zeborah: Map of New Zealand with a zebra salient (Default)
[personal profile] zeborah
In reverse order of chronology:

1) Discovering vanilla icecream in one's freezer one had forgotten about seems pleasant at first, and leads one to create a spider made from said icecream with ginger beer. Unfortunately it turns out the icecream had lain there so long that it is now chewy. This is dissatisfying!

2) I finally finished reading Middlemarch. I've started it several times, and adored it, but it's so dense I've kept getting distracted by other things and then having to start over. But having all this Christmas/New Year period on leave I've managed to finish it, yay! Unfortunately I found the ending dissatisfying!

Okay, I get that Dorothea and Will have got the hots for each other, and talking to him was a relief when she was feeling oppressed by life, the universe, and everything. But haven't we just spent a whole (bloody long) novel learning that such a slim acquaintance isn't the surest foundation for a life of matrimonial happiness?

I admit to a constitutional prejudice against the Dashing Young Men who catches the eye of the Sweet and Worthy Heroine so that she discovers too late the mistake of her marriage to the Upright but Cold-hearted Gentleman. Whenever I see this trio I always end up sympathising with the Upright but Cold-hearted Gentleman -- even in The Piano where he cuts off his wife's finger and really I should know better but still I prefer him to the guy who sexually harasses her in exchange for the piano keys. Okay, so maybe there's not much between those particular two.... But anyway my point is that in Middlemarch at least I didn't love Mr Casaubon too much: his faults and virtues were painted on the fond side of impartiality, so I could see the author wasn't trying to vilify him but that still the marriage was simply hopeless.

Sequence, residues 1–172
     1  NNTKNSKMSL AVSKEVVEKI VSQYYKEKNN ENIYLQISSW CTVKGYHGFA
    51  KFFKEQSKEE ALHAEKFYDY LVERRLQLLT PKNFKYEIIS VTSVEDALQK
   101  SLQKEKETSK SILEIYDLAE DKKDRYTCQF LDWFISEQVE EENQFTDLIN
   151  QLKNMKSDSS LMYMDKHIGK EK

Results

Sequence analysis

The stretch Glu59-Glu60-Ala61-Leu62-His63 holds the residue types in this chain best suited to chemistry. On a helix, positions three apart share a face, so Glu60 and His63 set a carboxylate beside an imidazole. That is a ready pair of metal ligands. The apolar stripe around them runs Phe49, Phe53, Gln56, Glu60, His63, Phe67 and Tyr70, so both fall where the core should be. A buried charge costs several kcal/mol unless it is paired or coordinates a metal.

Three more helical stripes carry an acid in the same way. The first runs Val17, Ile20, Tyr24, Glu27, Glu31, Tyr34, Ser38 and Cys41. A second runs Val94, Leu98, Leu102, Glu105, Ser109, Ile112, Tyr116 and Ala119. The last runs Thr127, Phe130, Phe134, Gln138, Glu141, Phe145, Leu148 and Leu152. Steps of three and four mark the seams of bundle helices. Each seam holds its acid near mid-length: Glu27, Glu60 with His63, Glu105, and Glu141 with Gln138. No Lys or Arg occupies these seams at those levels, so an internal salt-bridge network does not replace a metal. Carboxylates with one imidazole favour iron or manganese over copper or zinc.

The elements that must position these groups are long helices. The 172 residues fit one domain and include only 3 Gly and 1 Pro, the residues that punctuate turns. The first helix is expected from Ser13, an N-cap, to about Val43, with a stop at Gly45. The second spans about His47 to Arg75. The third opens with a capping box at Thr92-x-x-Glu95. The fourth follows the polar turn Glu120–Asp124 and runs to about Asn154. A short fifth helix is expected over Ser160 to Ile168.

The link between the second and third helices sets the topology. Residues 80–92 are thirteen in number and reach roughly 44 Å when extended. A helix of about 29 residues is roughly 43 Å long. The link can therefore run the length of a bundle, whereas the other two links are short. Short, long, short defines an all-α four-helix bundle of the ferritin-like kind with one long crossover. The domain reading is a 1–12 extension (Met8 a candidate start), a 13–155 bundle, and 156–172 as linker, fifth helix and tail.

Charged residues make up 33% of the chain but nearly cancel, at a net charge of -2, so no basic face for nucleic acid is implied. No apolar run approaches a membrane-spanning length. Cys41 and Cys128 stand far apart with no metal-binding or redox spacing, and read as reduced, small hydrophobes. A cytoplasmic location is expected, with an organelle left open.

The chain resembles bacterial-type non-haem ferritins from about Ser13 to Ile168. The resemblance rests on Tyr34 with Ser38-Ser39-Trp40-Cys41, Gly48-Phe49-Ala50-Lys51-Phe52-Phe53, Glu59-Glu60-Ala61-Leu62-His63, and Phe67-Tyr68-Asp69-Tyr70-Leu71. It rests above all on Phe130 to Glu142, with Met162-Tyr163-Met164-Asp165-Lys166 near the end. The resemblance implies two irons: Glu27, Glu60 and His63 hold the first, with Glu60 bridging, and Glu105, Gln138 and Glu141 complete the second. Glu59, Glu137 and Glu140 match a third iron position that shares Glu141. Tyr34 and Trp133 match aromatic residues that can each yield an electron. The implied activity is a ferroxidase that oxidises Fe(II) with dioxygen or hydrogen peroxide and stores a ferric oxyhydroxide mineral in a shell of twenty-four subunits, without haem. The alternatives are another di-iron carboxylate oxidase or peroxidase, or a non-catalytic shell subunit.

But that doesn't mean that marriage with Will Ladislaw is any better! He's as bad a fainéant as Fred Vincy began as, and unpleasantly sulky to boot. I don't suppose even a Mary Garth could have kicked his A into G, and of course Dorothea is far too self-denying to even conceive of the necessity of such a course of action, so he spends the entire novel in vacillation, irresolution, and half-measures. I wish he'd gone to the West Indies and stayed there, or drowned on the way; I'm sure Dorothea would have been far better off to carry on being a widow for a time.

The rest of the novel was just fine, though. I particularly liked the way, after I'd spent a long portion of it vehemently wishing for someone's death in order to relieve someone of torment, the death happened in such a way as to visit torment upon about pretty much everyone I cared about. That was wondrously achieved; I want to do something like that myself one day.
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zeborah: Map of New Zealand with a zebra salient (Default)
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